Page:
“When Krishna grew up a little more, He began to turn Himself backside up; He did not merely lie down on His back. And another function was observed by Yashoda and Nanda Maharaja: Krishna's first birthday. They arranged for Krishna's birthday ceremony, which is still observed by all followers of the Vedic principles.” (Krishna, The Supreme Personality of Godhead, Vol 1, Ch 7)Download this episode (right click and save)
“This day in history” is a line that appears more frequently as more years pass that allow for the recorded history to increase. In a professional sport the particular day can be the anniversary of a championship or a noteworthy achievement by an athlete. In our personal lives, the day in history could relate to a wedding, the first meeting with our significant other, or when we first entered this world. All of these are important to the people involved, but one day in particular is important to every single living entity. That is because on this day the Supreme Lord, the origin of everything living and nonliving, came within the vision of two splendid people for the first time. That occasion has since been celebrated each year as Janmashtami.
Isn’t that a sectarian holiday? Isn’t it only significant for the Hindus?
Actually, there can be no such thing as a “Hindu” God. The personality referenced has a position rooted in scientific understanding. There is no such thing as a Spanish sun or a Russian sun. The sun shining in the sky in a different country is the same one I see above me right now. I may call it something different, but this doesn’t mean that the sun is different. It is a singular object. Some people may not even know what it is; they may only know of it indirectly, through the sunshine entering their room through the windows. Others may even know less of it, seeing just an overcast sky, which is still illuminated by the sun, but whose covering is thicker.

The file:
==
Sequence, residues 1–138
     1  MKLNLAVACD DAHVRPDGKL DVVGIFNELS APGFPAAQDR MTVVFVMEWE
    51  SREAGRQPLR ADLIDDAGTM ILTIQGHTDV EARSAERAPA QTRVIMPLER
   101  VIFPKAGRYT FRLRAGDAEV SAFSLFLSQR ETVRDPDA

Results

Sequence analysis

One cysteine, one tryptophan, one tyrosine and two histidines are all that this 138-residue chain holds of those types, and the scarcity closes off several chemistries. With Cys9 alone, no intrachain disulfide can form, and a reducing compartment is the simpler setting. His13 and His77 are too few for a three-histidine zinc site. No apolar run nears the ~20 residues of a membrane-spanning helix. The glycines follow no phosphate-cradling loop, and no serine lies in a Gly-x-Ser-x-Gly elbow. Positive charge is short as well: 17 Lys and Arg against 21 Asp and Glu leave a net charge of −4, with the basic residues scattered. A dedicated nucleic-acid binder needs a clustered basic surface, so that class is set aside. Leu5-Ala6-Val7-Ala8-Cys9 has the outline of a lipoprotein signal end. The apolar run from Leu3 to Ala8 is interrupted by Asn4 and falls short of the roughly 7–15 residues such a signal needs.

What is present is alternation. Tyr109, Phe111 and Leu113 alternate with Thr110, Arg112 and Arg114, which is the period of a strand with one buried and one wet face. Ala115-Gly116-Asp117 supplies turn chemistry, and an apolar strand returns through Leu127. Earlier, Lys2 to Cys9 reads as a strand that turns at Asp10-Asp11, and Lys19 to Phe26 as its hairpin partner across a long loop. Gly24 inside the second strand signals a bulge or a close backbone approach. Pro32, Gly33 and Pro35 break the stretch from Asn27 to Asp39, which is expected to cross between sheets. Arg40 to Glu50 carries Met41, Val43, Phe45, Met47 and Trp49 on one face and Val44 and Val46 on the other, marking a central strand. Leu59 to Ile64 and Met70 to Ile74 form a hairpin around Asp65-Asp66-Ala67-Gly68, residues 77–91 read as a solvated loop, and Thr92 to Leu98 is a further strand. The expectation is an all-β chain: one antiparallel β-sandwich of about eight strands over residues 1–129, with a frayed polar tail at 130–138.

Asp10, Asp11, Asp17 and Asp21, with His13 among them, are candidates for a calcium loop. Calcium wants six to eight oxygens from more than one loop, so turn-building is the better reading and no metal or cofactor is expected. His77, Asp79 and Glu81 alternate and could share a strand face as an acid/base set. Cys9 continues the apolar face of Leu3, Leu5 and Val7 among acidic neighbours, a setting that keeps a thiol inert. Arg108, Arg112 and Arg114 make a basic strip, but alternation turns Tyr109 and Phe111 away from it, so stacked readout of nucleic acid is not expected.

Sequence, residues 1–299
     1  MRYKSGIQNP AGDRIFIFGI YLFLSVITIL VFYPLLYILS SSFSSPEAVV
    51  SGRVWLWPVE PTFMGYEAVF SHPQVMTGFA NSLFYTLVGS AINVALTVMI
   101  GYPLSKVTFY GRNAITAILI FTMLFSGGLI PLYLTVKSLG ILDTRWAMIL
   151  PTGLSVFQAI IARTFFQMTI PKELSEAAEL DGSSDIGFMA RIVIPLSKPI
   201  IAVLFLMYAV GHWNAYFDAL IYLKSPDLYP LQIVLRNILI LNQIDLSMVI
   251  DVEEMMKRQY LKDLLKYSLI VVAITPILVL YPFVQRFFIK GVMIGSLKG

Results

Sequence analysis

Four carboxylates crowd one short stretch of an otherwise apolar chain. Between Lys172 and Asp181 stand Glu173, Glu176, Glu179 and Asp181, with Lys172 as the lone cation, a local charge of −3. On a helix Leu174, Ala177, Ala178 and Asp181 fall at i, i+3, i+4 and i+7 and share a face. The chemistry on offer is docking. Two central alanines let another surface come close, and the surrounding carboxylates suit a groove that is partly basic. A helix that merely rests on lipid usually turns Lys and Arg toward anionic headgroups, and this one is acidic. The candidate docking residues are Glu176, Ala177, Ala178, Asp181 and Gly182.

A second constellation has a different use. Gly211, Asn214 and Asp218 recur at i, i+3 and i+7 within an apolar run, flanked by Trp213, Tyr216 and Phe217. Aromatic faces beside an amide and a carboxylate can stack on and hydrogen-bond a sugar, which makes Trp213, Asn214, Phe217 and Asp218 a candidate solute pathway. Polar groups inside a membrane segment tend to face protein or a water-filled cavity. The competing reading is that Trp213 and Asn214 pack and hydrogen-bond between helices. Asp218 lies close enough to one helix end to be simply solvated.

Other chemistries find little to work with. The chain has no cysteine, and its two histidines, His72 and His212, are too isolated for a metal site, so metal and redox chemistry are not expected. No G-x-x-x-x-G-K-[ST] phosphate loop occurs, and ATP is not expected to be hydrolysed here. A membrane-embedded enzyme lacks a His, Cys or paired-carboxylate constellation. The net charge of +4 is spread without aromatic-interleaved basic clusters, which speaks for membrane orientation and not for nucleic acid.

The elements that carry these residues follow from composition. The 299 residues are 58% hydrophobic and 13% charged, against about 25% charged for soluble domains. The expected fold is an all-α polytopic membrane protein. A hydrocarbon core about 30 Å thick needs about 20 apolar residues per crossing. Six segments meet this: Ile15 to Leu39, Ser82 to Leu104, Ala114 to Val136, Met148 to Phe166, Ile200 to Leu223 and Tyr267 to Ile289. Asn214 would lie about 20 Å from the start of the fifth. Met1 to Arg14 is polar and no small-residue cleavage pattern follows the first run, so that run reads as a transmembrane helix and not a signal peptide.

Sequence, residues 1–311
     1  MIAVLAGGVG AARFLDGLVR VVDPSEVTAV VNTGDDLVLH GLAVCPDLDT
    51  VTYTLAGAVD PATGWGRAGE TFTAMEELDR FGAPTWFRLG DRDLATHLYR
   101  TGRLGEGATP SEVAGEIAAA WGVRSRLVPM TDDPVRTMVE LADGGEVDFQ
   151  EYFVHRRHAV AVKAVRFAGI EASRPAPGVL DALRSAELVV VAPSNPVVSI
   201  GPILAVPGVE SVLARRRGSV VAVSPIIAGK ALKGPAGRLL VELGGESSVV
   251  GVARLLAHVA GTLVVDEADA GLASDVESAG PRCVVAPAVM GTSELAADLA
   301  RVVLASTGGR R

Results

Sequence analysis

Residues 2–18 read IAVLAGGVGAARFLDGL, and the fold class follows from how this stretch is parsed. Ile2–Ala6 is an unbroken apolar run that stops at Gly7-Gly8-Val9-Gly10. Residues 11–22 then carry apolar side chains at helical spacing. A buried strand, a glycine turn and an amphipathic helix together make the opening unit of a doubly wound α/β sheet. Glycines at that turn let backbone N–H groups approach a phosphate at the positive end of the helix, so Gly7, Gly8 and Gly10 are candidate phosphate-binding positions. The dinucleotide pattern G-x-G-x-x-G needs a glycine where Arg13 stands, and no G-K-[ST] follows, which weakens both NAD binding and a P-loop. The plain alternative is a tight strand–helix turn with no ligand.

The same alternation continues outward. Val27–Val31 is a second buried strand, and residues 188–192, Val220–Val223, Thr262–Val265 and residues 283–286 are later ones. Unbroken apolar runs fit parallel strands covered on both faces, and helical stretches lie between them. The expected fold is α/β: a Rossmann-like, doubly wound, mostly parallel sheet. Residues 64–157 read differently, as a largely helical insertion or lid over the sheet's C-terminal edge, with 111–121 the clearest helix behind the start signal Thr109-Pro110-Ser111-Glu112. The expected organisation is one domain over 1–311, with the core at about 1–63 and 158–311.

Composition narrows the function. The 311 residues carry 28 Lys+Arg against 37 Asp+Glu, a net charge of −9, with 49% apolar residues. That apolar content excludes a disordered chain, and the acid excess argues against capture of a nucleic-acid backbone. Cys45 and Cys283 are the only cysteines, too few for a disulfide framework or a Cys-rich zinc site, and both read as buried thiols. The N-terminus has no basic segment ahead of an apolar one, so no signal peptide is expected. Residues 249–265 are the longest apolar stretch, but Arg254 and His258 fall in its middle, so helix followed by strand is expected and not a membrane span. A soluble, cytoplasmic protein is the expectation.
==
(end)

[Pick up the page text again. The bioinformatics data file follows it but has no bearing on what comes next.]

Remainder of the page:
So God is the same for everyone. Janmashtami celebrates His appearance on earth in His original form of Krishna.
Why do we say that this is the original? How can we proclaim this with ontological certitude? How can we make such an assertion without doubts?
Krishna is a Sanskrit word that means “all-attractive.” So how can that word not apply to God in His original form? We accept the importance of Janmashtami on the authority of the Vedas. Anyone can write anything in a book and pass it on to future generations, but we can test the claims through further study. By hearing more about Krishna, we see that He indeed cannot be anyone else except God.
The people seeing Him witnessed firsthand His divine nature. When Krishna appeared as an infant to mother Devaki and her husband Vasudeva, He showed them His majestic form of Narayana, which has four hands and is opulently adorned. This gave the parents the proof necessary for knowing that their son was God Himself. When transformed back into His childhood form, Krishna did so many amazing things. He thwarted all the attacks of the evil King Kamsa. He protected the residents of Gokula. Most importantly, He gave everyone transcendental bliss. Even His enemies achieved salvation, for they thought of Him at the time of death.